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A father/son project....

Discussion in 'Handguns: Revolvers' started by MarshallDodge, Apr 21, 2008.

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  1. MarshallDodge

    MarshallDodge Member

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    Here are some pics of a 22 Ruger Single Six that I picked up at a pawn shop recently. The wood grips were cracked and the finish was pretty bad like maybe it had been sliding around under the seat of a truck. It came with both magnum and LR cylinders.

    I gave it to my 10 year old son for his birthday and I let him do most of the work including stripping, rust removal, and bluing the cylinder and small parts. The grips are an extra set I had from a Ruger Vaquero.

    It did not come out 'perfect' but we are both very happy with the results. I did not repaint any of the painted parts and am still debating on what to do there. He is eager to shoot it and doesn't seem to care about the chips and scratches.

    Before:

    [​IMG]

    [​IMG]

    [​IMG]

    After:

    [​IMG]

    [​IMG]
     
  2. gunmn74

    gunmn74 Member

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    Nice work. That is a gun he will keep forever.
     
  3. chilie

    chilie Member

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    niiiiiiiiice
     
  4. tntwatt

    tntwatt Member

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    What type of bluing method? Came out great.
     
  5. DevilDog0402

    DevilDog0402 Member

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    Looks good!!
     
  6. Dismantler

    Dismantler Member

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    I'll bet that he's the happiest young man in Utah!
     
  7. Neophyte1

    Neophyte1 Member

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    Single Six with Birthday Boy

    MarshallDodge: good deal:) You now have a HAPPY youngin and you the proud 'pappy:D'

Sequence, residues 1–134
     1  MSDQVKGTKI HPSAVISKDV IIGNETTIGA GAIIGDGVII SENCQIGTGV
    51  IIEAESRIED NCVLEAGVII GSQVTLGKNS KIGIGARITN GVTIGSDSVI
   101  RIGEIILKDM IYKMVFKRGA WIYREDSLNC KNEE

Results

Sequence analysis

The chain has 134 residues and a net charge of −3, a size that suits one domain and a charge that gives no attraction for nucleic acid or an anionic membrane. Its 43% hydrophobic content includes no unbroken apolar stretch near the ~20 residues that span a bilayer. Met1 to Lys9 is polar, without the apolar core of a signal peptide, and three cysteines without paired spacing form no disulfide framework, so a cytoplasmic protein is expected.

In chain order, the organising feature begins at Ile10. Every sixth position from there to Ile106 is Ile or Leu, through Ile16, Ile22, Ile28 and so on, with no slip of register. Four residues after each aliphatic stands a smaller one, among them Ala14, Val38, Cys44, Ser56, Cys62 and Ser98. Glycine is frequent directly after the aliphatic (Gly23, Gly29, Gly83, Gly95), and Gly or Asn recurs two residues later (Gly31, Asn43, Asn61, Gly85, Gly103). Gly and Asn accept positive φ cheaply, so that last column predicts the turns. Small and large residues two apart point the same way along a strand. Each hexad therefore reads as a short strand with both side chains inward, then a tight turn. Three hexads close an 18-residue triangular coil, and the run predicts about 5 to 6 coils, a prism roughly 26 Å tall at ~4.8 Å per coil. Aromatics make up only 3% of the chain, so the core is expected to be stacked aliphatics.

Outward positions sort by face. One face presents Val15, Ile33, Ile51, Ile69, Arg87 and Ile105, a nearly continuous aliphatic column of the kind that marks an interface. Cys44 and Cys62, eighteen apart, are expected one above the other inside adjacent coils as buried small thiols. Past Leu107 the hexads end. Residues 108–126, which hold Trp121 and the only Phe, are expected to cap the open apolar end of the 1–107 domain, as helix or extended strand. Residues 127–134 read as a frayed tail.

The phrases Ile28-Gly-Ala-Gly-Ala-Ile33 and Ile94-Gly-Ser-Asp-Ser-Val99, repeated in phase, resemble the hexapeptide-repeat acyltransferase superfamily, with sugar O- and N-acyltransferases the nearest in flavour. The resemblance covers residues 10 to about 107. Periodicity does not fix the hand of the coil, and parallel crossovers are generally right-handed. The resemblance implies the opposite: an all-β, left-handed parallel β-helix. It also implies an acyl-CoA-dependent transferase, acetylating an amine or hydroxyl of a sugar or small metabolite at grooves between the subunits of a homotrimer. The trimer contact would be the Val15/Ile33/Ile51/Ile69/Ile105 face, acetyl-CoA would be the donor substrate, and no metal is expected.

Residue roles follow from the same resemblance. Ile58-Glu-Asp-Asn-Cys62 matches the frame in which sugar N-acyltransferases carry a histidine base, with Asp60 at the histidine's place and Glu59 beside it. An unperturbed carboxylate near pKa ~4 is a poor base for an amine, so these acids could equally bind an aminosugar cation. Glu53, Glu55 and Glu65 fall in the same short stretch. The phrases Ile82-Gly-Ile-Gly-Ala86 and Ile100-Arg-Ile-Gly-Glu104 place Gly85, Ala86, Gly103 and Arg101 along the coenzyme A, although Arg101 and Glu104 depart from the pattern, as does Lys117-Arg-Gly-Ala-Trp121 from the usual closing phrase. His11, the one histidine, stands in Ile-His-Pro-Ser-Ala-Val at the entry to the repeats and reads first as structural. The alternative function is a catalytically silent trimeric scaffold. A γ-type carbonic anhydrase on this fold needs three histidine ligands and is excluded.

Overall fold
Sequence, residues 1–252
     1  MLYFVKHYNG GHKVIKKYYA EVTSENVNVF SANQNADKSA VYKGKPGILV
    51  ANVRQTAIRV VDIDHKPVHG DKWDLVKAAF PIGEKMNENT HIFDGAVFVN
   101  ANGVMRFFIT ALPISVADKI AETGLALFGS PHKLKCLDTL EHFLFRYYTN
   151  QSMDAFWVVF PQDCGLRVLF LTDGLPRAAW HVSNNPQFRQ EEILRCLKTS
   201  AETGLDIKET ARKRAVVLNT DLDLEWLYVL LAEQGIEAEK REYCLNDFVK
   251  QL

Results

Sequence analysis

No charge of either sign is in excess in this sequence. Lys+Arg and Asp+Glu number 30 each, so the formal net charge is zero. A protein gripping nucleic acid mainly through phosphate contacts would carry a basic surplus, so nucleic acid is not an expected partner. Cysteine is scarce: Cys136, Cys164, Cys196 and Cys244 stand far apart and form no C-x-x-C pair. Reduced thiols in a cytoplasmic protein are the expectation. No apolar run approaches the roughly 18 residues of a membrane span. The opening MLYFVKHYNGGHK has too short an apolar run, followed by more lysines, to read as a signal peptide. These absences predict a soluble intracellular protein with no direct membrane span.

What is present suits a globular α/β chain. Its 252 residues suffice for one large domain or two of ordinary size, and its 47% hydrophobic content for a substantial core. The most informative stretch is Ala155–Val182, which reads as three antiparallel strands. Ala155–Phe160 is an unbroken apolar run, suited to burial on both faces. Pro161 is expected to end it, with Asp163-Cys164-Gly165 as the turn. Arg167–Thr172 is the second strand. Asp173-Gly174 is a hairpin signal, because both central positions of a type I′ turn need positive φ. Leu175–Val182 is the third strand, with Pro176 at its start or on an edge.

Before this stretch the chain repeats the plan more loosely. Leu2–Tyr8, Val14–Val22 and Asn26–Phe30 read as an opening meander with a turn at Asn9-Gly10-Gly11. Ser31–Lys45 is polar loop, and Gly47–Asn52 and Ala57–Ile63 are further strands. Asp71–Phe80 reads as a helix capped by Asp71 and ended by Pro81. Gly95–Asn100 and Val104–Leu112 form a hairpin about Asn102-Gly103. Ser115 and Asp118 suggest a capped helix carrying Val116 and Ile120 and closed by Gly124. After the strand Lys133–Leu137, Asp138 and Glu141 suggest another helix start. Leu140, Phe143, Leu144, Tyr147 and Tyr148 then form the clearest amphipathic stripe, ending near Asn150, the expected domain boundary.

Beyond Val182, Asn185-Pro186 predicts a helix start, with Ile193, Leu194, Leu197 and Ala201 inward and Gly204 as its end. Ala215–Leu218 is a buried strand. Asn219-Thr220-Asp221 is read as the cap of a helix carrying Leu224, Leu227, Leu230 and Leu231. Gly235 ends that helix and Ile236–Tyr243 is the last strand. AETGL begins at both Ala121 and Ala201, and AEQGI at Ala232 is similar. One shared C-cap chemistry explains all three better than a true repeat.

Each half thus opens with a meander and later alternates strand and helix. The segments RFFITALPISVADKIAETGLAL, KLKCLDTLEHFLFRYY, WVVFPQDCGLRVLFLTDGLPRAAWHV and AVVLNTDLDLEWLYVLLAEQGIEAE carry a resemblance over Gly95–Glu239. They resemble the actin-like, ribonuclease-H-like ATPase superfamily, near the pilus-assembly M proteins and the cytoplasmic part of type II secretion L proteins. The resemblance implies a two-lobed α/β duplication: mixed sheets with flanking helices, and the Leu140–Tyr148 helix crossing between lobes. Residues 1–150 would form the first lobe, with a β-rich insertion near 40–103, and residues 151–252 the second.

Who did the Bluing?:)

    Now to sing; HAPPY BIRTHDAY TO YOU HAPPY BIRTHDAY TO YOU. 10yrs old
     
  8. MarshallDodge

    MarshallDodge Member

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    We used the Birchwood Casey cold blue kit. We started off with fine steel wool, then used the Rust and Blue Remover, then more steel wool. Most of the rust came off with some minor pitting and not all of the original bluing came off.

    I blued the receiver and barrel. The receiver was difficult to get to blue evenly. I assume this is because it's investment cast. We applied 5 coats of blue which involved rubbing it out with super fine steel wool, apply blue, wash in water, and repeat. My son did the cylinder, front site, loading gate, etc. When finished we lightly buffed the gun with the steel wool. Of course we wore gloves during the entire process. :)

    I used a medium grit sandpaper to clean the rust off the hammer. I lightly sanded it in the direction of the factory sanding marks and it came out better than expected.

    This is the fourth gun I have reblued using cold blue. This one came out second best. It seems like the better the steel, the better the results. The bluing is definitely not as deep as the factory but it has a nice shade to it that gives the old guns some character.
     
  9. mossy141701

    mossy141701 Member

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    :cool:looks good, That's a gun he will treasure his whole life because you worked on it together and you will have memories to last a lifetime also. Good work, you sound like a great dad!
     
  10. Floppy_D

    Floppy_D Member In Memoriam

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    Looks good, and that's a great idea. Can't wait until my young'un is old enough for something like that.
     
  11. bannockburn

    bannockburn Member

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    MarshallDodge

    Even better than the gun itself, is the time the two of you spent together working on this project. Treasure the moment because they grow up so fast. Thanks for sharing the pix and the story.
     
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